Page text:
That way has seen Parsons through a variety of different positions, perhaps starting with his 22 years as a DJ at a radio station in Nevada City that Parsons declined to identify by name. His position there ended badly but not before he played a variety of music ranging from minimalist composer Terry Riley to avant-prog rockers Pere Ubu and punk freak Richard Hell. “I got banned from the radio station for life,” Parsons explained. “If I say much more, we’ll have to get lawyers involved.”

His time as a radio DJ had come to an end, but his particular interest in fringe artists and musicians had not. That interest had led him early on to Jandek, the reclusive Texas-based musician who has become something of a cult figure in recent years. Parsons is one of the few outside of the reclusive musician’s friends and family to speak to Jandek himself (via the telephone). When a pair of documentary filmmakers endeavored to make a film on Jandek, the artist refused to be interviewed but supplied them with a list of folks he knew or had contact with. As a result of that list, Parsons appeared in the 2003 documentary Jandek on Corwood, a fascinating exploration of the nature of cult iconography.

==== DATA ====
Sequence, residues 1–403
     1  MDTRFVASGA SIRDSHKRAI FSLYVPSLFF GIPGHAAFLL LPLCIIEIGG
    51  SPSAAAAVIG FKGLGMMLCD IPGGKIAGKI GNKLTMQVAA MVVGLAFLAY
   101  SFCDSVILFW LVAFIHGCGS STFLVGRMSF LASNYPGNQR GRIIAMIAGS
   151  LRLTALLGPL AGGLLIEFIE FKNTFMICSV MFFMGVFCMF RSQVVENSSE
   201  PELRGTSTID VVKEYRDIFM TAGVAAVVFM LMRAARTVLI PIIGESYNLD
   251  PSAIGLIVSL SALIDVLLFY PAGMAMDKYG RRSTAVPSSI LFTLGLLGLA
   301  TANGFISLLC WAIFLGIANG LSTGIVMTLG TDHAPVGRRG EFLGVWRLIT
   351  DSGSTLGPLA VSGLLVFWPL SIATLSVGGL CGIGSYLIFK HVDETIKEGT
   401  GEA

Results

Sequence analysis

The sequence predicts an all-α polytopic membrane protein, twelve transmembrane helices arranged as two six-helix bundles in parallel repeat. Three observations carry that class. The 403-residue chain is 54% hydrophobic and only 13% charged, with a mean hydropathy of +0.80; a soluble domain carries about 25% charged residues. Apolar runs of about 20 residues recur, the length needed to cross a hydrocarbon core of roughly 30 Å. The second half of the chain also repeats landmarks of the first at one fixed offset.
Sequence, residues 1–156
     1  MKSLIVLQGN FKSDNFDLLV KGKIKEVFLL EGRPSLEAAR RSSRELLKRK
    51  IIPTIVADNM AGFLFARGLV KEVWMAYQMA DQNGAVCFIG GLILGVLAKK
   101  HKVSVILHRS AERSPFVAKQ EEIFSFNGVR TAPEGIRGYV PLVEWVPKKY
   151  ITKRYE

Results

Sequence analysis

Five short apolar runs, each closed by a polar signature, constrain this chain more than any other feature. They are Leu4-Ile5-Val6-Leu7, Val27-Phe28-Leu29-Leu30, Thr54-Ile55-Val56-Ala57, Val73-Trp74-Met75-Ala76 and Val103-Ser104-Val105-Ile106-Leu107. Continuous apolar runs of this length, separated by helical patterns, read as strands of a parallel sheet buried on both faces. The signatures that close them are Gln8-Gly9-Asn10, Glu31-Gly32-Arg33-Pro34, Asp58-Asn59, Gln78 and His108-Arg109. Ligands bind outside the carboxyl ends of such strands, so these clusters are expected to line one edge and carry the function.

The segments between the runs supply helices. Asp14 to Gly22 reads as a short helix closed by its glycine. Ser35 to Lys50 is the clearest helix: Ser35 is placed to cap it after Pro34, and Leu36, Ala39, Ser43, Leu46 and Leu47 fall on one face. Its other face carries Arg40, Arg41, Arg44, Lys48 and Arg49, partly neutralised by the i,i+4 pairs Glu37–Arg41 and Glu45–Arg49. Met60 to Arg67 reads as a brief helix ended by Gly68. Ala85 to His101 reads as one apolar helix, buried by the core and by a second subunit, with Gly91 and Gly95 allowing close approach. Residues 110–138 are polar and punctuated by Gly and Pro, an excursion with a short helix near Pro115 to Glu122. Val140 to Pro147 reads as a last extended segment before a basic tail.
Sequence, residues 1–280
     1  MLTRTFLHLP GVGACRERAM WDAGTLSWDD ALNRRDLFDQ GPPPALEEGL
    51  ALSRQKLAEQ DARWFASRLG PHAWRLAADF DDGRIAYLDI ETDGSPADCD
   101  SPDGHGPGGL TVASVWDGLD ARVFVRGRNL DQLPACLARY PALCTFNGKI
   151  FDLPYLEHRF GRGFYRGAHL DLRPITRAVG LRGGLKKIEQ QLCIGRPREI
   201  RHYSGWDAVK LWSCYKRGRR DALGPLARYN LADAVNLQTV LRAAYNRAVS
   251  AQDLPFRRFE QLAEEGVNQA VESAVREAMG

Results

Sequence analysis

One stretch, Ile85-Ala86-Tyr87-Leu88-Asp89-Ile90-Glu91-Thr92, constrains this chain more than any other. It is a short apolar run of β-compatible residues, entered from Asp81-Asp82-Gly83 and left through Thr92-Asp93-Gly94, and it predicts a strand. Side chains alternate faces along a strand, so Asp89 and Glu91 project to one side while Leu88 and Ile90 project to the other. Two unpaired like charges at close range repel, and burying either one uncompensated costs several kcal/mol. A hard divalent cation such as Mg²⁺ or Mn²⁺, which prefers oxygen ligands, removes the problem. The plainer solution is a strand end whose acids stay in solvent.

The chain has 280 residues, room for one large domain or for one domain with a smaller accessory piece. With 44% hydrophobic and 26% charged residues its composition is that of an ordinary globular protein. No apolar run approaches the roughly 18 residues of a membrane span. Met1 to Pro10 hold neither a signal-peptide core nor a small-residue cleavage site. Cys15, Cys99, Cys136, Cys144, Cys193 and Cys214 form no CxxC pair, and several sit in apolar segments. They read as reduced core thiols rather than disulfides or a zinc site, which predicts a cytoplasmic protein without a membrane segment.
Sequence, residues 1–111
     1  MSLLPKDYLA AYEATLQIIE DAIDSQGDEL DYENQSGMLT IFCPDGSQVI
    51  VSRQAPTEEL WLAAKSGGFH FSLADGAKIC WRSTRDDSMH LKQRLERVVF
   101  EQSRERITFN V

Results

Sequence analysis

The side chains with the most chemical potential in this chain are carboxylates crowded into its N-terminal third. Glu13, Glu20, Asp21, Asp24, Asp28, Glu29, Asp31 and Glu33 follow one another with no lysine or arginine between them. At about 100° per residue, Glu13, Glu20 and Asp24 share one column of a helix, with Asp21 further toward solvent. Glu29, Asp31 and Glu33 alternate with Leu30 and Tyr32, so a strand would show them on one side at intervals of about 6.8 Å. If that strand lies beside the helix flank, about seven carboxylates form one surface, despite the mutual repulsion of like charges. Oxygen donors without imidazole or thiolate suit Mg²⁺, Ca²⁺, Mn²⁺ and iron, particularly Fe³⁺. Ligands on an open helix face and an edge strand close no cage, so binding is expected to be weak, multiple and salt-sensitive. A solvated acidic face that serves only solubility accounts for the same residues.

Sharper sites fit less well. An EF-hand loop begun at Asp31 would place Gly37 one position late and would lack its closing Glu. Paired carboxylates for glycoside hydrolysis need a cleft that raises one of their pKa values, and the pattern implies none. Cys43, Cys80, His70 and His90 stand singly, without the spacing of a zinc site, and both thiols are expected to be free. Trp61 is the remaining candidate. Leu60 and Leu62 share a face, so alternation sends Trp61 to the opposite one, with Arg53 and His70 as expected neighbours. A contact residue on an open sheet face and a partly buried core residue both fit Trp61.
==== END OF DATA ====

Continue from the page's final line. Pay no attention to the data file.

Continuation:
This same field of interest led to Dream Magazine. “After having been involved in indie music for over two decades, I didn’t want to stop,” Parsons explained. “And so I continued to do all the networking with labels and artists, and soon the magazine started to take shape. Then I got a Mac, and it wanted me to do something with it, so the magazine became my first big project.”

Dream’s primary focus is on the interview, and this is where the magazine shines, in large part because Parsons asks the kinds of questions a regular person might ask of an ordinary acquaintance. For example, when interviewing the late great poet Robert Creeley, Parsons asks him a raft of literate questions, but he also asks, “Seen any good movies lately?” and “What’s best about being your age?” (To the latter question, Creeley responded, “At this point (76), there’s not much good about it at all.”)